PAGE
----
Another class that I would specifically like to mention is Intro Latin (LAT 1101-1102). I was the only senior in the class, clearly having put it off. Yet it became one of my favorite courses. Again, it showed how useful interdisciplinary approaches are. For example, as learning Latin forced me to understand what things like the genitive and ablative mean, my own understanding of English grew. While I understand that large courses are a necessity at times, it also showed me once again that I appreciate and learn best in small classes where I can interact with and get to know the other students. Learning from and teaching other students has aided my learning immensely, not only in that course, which is why fostering student interpersonal relationships is so important. That course did that, even when it transitioned online this semester due to the COVID-19 outbreak. The professor, Dr. Chiara Sulprizio, preserved the interactivity of the course through platforms like zoom, where we could see each other and interact. This helped to maintain some degree of normalcy. Her flexibility was also incredibly important; adjusting readings to using discussion points to allow students to ask questions about homework allowed us to still learn under these new and eventful times.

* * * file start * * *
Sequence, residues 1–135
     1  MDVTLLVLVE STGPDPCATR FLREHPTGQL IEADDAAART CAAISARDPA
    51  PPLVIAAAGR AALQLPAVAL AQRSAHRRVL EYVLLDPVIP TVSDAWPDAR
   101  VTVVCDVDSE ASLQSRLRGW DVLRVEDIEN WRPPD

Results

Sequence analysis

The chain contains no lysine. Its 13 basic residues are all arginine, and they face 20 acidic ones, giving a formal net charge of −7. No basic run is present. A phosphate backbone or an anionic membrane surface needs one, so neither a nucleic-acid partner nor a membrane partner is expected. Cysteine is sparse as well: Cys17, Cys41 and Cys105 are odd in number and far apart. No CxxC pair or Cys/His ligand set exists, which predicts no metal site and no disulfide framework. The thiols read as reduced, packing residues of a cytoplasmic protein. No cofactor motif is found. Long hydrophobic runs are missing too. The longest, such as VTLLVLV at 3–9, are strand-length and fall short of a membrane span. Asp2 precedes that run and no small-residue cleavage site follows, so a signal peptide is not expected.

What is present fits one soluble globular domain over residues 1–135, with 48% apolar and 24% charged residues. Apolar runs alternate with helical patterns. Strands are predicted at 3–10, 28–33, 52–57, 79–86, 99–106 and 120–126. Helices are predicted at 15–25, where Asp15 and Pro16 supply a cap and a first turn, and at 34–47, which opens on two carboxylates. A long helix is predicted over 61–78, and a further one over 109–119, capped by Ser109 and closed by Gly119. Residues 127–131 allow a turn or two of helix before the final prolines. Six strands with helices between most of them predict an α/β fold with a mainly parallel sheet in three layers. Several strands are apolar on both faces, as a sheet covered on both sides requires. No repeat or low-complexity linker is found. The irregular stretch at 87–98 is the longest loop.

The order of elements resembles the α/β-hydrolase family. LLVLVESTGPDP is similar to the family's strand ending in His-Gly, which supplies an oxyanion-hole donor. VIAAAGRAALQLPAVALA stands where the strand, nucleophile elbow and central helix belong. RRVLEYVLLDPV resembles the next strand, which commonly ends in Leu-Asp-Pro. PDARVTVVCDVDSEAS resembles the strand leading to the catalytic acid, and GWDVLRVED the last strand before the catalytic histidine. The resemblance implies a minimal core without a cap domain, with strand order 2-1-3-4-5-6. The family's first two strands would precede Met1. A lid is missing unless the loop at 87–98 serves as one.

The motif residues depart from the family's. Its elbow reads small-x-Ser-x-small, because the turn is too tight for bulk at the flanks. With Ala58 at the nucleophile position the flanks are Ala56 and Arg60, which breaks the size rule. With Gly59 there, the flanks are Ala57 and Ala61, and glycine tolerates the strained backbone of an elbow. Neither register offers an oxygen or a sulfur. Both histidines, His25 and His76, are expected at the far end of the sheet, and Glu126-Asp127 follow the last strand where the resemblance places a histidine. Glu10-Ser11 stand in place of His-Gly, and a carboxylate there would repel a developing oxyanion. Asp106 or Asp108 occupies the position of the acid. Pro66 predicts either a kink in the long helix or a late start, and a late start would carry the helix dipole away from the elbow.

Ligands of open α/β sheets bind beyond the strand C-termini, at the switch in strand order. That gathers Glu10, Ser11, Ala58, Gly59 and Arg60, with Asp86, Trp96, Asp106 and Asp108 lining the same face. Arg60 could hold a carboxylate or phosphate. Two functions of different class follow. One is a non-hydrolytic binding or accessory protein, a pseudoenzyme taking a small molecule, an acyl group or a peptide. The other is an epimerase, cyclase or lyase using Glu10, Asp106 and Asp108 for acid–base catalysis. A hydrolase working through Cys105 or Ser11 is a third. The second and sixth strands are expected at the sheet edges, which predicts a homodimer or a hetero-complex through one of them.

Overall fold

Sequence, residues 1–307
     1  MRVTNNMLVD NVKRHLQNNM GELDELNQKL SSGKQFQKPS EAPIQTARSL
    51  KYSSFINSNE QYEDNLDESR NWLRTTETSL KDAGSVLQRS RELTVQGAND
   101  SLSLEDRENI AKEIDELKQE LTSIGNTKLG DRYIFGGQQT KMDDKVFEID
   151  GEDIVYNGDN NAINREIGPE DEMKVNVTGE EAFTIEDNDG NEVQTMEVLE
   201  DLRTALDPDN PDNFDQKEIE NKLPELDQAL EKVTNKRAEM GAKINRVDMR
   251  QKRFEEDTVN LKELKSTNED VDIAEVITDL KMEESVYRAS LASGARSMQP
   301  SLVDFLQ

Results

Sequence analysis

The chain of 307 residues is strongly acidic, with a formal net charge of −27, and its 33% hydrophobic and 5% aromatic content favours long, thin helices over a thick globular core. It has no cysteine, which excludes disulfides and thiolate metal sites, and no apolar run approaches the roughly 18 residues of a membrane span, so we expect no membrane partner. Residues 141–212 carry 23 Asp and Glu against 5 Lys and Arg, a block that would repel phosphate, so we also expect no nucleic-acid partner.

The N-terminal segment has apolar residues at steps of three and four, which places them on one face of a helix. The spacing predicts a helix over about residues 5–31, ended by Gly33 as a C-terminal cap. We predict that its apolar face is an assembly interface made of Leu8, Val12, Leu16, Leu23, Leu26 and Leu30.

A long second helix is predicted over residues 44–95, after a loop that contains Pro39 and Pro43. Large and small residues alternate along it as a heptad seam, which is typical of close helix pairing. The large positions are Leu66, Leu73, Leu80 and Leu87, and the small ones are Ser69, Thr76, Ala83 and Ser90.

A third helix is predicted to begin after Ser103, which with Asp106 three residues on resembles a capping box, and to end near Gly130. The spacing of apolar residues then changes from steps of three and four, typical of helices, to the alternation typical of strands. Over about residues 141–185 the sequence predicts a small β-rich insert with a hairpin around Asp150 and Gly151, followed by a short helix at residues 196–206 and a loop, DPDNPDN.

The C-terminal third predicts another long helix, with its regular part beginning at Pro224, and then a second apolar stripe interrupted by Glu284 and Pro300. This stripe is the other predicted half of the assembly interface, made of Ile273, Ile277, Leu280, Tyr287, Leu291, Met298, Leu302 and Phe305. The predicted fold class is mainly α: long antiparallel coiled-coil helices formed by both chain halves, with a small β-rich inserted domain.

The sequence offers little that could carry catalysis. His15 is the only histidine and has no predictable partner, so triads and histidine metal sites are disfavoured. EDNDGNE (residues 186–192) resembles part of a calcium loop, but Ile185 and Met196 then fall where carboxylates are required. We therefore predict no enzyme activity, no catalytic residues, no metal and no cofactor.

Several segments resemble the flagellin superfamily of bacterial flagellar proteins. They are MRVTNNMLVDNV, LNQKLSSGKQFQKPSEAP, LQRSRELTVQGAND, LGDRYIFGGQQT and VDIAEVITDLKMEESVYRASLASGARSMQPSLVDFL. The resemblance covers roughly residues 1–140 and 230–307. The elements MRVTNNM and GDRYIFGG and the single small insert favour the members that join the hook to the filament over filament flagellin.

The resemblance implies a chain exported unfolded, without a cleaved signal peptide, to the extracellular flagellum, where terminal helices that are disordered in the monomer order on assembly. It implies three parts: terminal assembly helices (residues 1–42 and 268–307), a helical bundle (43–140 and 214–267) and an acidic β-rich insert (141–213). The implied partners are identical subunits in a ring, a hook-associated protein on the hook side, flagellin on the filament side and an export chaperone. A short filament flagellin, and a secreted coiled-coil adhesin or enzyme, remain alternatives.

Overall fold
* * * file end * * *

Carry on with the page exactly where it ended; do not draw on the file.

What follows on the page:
There are still many more people and classes and opportunities that have aided my learning and will continue to do so as I move on to graduate school. Thank you to all who have contributed to my learning, including my family. To any and all who find themselves in the position of working from home with kids, please know from someone who was homeschooled by an amazing mother, your children can and will appreciate the time you spend with them and what they learn from you.